A Kentucky man has filed a class action lawsuit against the maker of Vioxx, the recently recalled arthritis drug.
The suit claims Merck deceived its customers by promoting Vioxx as being safe and said the company knew the drug had safety risks associated with its use.
Ratliff did not suffer a heart attack or stroke, his attorney told CBSNews.com.
"This is limited only to only being a consumer fraud case," said Mason Miller. "Merck today and the pharmaceutical companies today are similar with respect to their advertising mechanisms to the tobacco companies of several decades ago."
The state is exploring the possibility of bringing its own suit, just as was the case in the tobacco cases, Miller, a partner at Getty & Mayo, said.
Tracy Ogden, a spokeswoman for the company, had no immediate comment on the suit.
New Jersey-based Merck announced Sept. 30 that it wasover fears users faced increased risk of heart attack and stroke.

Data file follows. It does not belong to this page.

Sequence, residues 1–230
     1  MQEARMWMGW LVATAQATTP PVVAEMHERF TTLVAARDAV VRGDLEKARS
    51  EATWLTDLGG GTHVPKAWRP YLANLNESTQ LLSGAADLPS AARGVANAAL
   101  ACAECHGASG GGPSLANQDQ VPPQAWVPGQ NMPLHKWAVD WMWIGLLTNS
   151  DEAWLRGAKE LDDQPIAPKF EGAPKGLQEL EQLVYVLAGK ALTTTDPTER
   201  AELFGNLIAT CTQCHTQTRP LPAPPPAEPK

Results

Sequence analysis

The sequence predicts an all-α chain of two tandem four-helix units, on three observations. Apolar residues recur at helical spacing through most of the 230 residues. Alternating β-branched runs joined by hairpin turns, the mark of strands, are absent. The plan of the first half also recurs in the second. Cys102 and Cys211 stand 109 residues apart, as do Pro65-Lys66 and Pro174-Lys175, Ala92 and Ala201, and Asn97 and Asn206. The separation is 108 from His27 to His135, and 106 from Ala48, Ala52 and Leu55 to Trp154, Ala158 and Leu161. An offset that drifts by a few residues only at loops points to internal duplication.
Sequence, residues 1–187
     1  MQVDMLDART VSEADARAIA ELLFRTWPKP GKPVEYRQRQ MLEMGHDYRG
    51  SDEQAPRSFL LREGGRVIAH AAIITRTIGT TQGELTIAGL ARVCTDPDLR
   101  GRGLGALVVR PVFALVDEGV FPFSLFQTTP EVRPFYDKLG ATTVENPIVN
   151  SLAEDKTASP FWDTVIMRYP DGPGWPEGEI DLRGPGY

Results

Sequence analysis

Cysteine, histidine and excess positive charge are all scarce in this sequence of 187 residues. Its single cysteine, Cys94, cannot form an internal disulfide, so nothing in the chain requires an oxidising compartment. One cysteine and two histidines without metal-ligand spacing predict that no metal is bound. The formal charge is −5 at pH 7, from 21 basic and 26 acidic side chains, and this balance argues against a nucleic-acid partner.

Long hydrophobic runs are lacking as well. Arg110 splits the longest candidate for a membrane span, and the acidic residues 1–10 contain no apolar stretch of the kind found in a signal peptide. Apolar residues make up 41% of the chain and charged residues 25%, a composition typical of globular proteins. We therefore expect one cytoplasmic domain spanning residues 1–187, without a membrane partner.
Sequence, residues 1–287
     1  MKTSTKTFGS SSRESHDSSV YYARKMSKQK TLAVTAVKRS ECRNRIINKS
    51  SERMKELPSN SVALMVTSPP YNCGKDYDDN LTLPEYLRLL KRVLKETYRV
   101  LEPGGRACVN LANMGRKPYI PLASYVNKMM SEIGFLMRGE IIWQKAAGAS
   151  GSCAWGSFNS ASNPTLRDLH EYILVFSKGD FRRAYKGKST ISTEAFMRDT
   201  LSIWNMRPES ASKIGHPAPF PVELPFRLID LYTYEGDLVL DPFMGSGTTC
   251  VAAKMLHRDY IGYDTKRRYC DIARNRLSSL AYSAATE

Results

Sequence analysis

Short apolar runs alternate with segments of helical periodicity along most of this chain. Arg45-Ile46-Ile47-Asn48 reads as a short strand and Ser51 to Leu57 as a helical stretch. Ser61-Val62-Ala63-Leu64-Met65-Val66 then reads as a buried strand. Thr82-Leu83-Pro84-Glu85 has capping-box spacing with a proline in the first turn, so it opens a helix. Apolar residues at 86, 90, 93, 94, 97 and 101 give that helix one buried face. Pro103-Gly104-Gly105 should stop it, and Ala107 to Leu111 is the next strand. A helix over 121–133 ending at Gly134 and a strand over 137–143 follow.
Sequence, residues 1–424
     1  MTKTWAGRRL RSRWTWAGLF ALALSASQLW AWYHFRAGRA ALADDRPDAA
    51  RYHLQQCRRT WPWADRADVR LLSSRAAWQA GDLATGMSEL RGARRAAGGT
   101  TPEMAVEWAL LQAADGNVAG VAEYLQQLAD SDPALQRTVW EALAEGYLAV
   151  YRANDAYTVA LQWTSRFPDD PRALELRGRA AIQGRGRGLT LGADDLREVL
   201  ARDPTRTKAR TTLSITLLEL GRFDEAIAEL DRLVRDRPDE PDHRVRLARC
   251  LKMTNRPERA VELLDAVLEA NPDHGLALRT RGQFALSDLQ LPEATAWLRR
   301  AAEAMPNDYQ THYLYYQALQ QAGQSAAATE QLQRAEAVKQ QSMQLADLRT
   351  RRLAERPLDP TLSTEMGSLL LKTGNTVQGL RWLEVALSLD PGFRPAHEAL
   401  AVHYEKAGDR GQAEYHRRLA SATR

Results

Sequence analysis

The lawsuit was filed as a class action although Radcliff is the only named plaintiff. He is asking for damages of up to $75,000 and the creation of a fund to pay for future economic losses and medical care.
Ratliff claims in his suit that the company knew about the drug's risks since "shortly after the drug was approved for use" by the federal Food and Drug Administration in May 1999. He said that despite growing evidence of the drug's problems, Merck continued to market the drug.
Merck is one of the world's largest drug makers, and Vioxx was its popular medication for arthritis as well as acute pain and disorders such as carpal tunnel syndrome. The drug accounted for $2.5 billion in worldwide sales last year.
Some 84 million prescriptions have been filled since the drug's introduction.
The Lexington law firm filed a federal suit on behalf of two Bourbon County residents earlier this month. Similar lawsuits are in the works across the country.
Merck & Co. said earlier this month that hundreds of lawsuits have been filed related to the drug. The pharmaceutical giant's profit fell 29 percent in the third quarter due to costs for pulling Vioxx from the market.